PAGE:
For the second consecutive away match on continental Europe, the Rovers fans were bussed into the game under police escort. 171 fans had made the trip and squeezed into the three buses for the journey to PAOK’s stadium with a police van front and back and motorbike riders stopping the traffic. The main PAOK fans group known as ‘Gate 4’ generated an incredible atmosphere during the game and especially ahead of kick off in the Toumba Stadium or ‘Black Hell’ as their fans sometimes call it. Three of their Ultra group made their way to the centre of the pitch. One with a giant tifo flag, another carrying a drum and the third with a large drumstick that he used to beat out an initially slow rhythm that the fans matched by clapping with their arms above their heads. For the time in between the slow drumbeats, the fans stood statuesque with their arms outstretched as if live TV had been paused. The rhythmic clapping gathered in tempo, building up to a crescendo as the two teams emerged from the tunnel area to AC/DC’s ‘Hell’s Belles’ playing over the PA.

There had been some mention of a protest ahead of the game to coincide with the general strike but the only visible protest to my eyes was a massive banner hung behind one goal saying “IMF – Get the **** out of here” but the PAOK fans could have been singing non-stop about austerity during the game but it all sounded Greek to me! The Rovers fans generated our own atmosphere during the game including singing a couple of songs slightly tongue in cheek in recognition of the economic situation. There may have been some sympathy with Greece in singing that there was “No surrender to the IMF” but whatever the result “The Hoops are having a party – and Greece are going bust”!

When the draw was made for the Europa League group stages, the games against POAK were the ones Rovers probably felt were our best hope of gaining a pointor a win worth that is worth 140,000 euro (40,000 more than winning the League of Ireland). No doubt, PAOK were looking for maximum points against us in their home game and they went at Rovers from the start. Rovers manager Michael O’Neill made a number of changes to his side facing PAOK, a team that was managed by another manager from Northern Ireland, Billy Bingham, in the mid 1970’s. Ryan Thompson returned in goal for Rovers in Europe after Richard Brush’s heroics in Rovers’ last Europa League game away to Spurs. But Thompson could do nothing when Romanian international Costin Lazar opened the scoring after 12 minutes with a fine shot from outside the box. Rovers were very disciplined in their performance with Karl Sheppard, in for the injured Gary Twigg, proving very effective as the lone man up front holding the ball up and bringing other players into the move. Billy Dennehy went closest in the first half with a shot that whizzed past the post which some Rovers fans thought had gone in.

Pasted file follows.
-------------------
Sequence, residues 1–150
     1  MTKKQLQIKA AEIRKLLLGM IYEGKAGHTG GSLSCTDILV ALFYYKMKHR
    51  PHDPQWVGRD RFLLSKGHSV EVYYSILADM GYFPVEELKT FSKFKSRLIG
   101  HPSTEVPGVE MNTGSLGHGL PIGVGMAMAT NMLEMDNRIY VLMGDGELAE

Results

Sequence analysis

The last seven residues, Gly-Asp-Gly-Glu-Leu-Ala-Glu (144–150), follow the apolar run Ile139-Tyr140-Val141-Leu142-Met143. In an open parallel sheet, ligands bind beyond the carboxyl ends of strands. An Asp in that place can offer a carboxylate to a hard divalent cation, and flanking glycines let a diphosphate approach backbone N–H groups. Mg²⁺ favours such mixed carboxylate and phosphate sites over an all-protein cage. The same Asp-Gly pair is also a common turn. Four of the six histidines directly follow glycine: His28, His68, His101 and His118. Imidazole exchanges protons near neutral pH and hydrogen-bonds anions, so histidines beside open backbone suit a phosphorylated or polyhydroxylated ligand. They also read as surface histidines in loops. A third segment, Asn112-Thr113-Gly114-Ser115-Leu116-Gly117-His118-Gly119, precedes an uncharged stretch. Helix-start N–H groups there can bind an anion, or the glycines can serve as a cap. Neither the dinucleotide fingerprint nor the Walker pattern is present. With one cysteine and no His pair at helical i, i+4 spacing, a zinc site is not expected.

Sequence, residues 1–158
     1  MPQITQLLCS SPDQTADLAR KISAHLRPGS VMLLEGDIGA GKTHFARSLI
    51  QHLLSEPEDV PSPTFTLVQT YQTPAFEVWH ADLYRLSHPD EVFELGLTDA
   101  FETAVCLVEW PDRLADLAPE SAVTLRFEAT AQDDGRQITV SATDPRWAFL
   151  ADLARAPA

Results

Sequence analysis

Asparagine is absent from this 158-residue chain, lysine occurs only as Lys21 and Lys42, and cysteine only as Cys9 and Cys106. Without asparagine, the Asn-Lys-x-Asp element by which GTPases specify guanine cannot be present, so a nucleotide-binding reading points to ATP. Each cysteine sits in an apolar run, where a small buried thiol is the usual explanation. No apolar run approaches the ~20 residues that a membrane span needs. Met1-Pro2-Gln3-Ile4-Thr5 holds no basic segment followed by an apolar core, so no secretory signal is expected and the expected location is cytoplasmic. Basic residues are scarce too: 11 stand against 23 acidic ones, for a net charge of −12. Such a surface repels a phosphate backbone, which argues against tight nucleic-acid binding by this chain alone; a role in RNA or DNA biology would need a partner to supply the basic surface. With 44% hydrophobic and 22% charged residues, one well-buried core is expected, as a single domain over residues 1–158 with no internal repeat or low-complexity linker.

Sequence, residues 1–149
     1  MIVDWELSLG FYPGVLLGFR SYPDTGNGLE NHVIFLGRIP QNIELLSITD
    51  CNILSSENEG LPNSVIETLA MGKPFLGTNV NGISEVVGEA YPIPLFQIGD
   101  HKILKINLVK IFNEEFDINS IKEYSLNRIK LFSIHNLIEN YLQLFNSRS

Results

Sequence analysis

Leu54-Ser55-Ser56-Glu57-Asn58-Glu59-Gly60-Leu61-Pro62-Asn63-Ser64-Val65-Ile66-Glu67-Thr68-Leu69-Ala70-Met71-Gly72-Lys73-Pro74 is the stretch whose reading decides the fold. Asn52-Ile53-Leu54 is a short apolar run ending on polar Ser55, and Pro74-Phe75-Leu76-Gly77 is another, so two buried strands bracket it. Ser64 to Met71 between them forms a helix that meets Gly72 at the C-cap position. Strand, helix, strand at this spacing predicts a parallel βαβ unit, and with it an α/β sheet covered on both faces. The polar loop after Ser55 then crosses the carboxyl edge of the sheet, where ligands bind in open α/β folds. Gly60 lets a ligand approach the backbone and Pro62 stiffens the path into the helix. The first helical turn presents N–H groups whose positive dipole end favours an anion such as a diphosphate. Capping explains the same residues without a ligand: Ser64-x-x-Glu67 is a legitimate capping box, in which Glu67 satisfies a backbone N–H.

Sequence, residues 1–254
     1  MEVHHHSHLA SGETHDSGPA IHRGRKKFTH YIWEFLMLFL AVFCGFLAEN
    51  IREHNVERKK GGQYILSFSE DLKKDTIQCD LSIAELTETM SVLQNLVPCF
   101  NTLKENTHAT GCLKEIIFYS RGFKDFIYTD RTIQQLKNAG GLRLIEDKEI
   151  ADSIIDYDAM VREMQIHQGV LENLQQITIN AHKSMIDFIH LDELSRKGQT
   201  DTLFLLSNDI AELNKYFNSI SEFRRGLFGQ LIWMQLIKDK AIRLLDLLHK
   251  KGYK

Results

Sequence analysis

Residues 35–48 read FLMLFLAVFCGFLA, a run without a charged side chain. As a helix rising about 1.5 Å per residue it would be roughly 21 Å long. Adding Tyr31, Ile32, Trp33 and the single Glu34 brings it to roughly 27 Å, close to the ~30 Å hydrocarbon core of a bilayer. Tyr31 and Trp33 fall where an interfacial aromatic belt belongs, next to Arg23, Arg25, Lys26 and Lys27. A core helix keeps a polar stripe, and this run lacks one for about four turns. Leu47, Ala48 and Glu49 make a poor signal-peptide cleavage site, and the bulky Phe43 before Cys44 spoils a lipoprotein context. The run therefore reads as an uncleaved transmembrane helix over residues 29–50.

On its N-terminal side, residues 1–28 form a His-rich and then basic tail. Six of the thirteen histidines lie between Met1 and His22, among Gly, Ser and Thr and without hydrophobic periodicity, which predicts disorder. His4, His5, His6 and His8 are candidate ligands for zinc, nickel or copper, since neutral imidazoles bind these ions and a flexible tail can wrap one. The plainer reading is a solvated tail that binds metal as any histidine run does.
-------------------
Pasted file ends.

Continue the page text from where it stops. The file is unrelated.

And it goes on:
The equaliser did come for Rovers early in the second half with Dennehy the provider. He won a free kick that he sent into the box which Karl Sheppard met with his head after 47 minutes for his ninth headed goal from the fourteen goals the twenty year old has scored in all competitions this season. The pocket of Shamrock Rovers in the stadium went delirious with some climbing the railings in front to celebrate. Parity lasted for a little over fifteen minutes. On a week of strikes in Greece, the 1-1 deadlock was broken by a fine strike by Vieirinha from outside the area. PAOK created a number of chances after that with Rovers also exerting considerable pressure forcing a late corner that unfortunately we couldn’t convert.

At the end, like in our last three European away games, the players and fans were applauded off by the home crowd. They recognised a spirited performance by Shamrock Rovers who managed to score against a Greek side that had only conceded one home goal in Europe in close to 600 minutes of play. Yes, it was another heroic Europa League defeat but the Hoops can learn from the defeat in the Toumba Stadium. The team can rightly be proud of their display as we reached the half way point of our Europa League group stage campaign.

It was after midnight by the time the Rovers fans left the ground and the talk in the pub later on was of how disappointed we were not to claim a point. It shows how far we have travelled as a club in recent years when this is the case. The talk and the singing soon turned to thoughts of two in a row and maybe more with the League of Ireland title within our grasp. Some words from Homer’s epic poem ‘The Odyssey’ come to mind of the post-match activities:

“The wine urges me on, the bewitching wine, which sets even a wise man to singing and to laughing gently and rouses him up to dance and brings forth words which were better unspoken.”

Published in Hoops Scene 22 (Shamrock Rovers v PAOK Salonika – Europa League- 3 November 2011)